Our View: Buff Pass fee makes sense


Editorial Board, October 2009 through February 2010

  • Suzanne Schlicht, general manager
  • Brent Boyer, editor
  • Blythe Terrell, city editor
  • Tom Ross, reporter
  • Michelle Garner, community representative
  • Paula Cooper Black, community representative

Contact the editorial board at (970) 871-4221 or editor@steamboatpilot.com. Would you like to be a member of the board? Fill out a letter of interest now.

— The U.S. Forest Service’s plan to impose a $5 day-use fee on Buffalo Pass could be a reasonable measure to address traffic, parking, trash and other concerns at the heavily used recreation area just north of Steamboat Springs city limits. But there’s much to be worked out — and deservedly so — before such a fee is put in place.

At the top of that list is how revenues from the fee would be used to improve and maintain the 7,300-acre Buff Pass backcountry area. With 5,000 free day-use permits issued for the area last winter and another 500 free seasonal permits handed out, those revenues could add up quickly. The Forest Service has a draft business plan addressing how those revenues would be spent, but that plan won’t be shared with the public until a final version is completed. However, Routt National Forest spokeswoman Diann Ritschard said if fees were approved, the money would be used to improve and possibly expand parking at Dry Lake Campground, provide toilets and additional signage and fund extra patrols of the area.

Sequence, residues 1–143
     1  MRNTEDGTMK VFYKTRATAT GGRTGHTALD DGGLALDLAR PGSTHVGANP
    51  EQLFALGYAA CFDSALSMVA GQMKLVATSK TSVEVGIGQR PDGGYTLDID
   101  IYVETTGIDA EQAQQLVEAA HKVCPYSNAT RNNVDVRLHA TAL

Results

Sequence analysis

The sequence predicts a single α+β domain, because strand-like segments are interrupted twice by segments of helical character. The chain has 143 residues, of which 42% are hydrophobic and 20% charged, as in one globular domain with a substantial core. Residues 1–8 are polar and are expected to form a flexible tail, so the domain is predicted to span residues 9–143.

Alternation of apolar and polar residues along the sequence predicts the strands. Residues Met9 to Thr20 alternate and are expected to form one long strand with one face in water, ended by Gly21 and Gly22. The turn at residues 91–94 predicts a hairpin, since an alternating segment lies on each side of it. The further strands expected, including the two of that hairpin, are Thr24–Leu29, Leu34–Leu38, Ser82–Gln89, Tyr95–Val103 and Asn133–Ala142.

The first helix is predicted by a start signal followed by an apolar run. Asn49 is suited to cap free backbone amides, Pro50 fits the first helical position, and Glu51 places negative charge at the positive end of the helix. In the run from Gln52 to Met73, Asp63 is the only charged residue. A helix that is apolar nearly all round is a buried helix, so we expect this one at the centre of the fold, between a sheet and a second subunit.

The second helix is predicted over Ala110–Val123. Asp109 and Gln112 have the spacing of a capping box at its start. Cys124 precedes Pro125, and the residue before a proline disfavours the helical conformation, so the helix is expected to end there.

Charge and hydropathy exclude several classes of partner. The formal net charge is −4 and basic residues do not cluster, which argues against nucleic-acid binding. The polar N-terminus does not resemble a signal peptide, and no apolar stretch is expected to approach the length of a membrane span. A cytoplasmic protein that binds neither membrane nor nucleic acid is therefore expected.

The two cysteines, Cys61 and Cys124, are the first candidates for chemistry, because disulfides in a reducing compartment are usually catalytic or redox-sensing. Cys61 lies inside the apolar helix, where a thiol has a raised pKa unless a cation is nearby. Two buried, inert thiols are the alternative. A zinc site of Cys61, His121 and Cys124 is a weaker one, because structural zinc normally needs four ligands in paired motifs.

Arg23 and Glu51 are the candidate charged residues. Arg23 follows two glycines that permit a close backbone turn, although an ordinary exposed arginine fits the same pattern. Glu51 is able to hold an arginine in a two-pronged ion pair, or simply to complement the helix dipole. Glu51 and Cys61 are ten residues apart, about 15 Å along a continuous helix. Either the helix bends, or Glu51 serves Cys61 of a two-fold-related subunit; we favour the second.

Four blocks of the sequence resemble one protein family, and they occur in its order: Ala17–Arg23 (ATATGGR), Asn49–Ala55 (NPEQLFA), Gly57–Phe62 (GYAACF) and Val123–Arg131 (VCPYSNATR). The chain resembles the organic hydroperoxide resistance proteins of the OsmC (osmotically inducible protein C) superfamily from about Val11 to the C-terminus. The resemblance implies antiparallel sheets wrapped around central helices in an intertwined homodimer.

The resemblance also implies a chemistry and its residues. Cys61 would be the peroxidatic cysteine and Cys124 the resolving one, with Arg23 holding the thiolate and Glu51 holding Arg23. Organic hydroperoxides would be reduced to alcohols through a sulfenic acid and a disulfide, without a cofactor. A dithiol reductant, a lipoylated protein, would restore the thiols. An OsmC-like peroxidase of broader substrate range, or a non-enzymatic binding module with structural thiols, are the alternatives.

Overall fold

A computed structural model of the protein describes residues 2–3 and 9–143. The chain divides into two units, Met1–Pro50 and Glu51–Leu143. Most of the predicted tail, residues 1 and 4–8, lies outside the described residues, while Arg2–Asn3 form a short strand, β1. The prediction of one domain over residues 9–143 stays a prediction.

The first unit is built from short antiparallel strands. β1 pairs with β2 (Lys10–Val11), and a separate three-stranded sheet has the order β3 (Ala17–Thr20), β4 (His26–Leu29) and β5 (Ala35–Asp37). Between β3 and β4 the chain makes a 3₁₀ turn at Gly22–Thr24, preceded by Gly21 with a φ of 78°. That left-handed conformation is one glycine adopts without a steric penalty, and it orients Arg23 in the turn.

Forest Service recreation specialist Kent Foster said last week that the proposed fees could be in place as soon as next winter, but that timeline may be optimistic. Any fee proposal first must be approved by the Forest Service Regional Office and by a statewide Recreation Resource Advisory Committee made up of user group representatives.  

The fee issue, which has been around for years, again is raising the hackles of local motorized and nonmotorized advocacy groups.

Leslie Lovejoy, director of the Friends of the Routt Backcountry skiers and snowshoers group, says nonmotorized users aren’t the problem and therefore shouldn’t have to pay.

George Kostiuk, vice president of the Routt Powder Riders snowmobile club, wonders what the Forest Service will provide to justify the fee. Expanded and improved parking areas are at the top of his list.

A Winter Recreation Management Plan adopted several years ago sought to diffuse the angst between motorized and nonmotorized backcountry users. The plan created boundaries separating the user groups, and failure to abide by the regulations can result in fines of as much as $5,000 and/or as many as six months in jail.

While Ritschard acknowledges that the tension between motorized and nonmotorized users seems to have dissipated in recent years, it probably never will go away completely. The popularity of Buff Pass — highly regarded for its abundant snow and expansive terrain — isn’t likely to wane, either.

That’s why it makes sense for the Forest Service to adopt a day-use fee that would result in a better and safer user experience. We also like the idea of a seasonal pass that costs $30 or $40 for those regular users of Buff Pass. Fish Creek Falls, currently the only area on the Routt National Forest that charges a day-use fee, provides an example of the good that can result from such revenues. The Forest Service’s business plan, when finalized, must clearly outline how and when those revenues will benefit Buff Pass users.